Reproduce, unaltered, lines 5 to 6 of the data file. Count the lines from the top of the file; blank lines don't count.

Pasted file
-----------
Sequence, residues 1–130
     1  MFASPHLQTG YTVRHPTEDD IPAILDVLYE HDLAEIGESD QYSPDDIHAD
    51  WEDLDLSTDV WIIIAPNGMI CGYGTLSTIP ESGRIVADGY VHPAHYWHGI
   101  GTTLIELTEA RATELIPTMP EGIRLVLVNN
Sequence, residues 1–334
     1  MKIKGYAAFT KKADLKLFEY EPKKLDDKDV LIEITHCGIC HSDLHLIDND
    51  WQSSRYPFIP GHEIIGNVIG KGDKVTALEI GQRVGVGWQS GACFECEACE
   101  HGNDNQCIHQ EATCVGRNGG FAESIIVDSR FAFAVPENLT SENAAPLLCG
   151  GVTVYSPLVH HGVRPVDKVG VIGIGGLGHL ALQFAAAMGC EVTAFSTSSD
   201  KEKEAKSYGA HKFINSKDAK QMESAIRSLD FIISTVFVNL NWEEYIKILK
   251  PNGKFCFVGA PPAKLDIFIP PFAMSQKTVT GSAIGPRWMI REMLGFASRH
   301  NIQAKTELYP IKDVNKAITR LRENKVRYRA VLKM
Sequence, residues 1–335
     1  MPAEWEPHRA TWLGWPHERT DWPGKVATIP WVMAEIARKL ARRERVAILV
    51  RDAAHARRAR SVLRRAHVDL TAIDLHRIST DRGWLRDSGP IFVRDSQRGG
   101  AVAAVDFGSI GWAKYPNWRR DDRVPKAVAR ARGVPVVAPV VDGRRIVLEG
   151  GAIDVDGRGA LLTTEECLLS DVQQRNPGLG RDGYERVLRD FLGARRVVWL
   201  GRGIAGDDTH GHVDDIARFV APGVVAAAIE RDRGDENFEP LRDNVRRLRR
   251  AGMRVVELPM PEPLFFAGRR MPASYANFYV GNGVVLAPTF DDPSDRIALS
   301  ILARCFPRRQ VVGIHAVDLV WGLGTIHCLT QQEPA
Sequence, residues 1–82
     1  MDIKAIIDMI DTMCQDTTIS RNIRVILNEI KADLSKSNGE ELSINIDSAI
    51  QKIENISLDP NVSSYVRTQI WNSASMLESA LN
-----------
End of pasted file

Sequence, residues 1–334
     1  MKIKGYAAFT KKADLKLFEY EPKKLDDKDV LIEITHCGIC HSDLHLIDND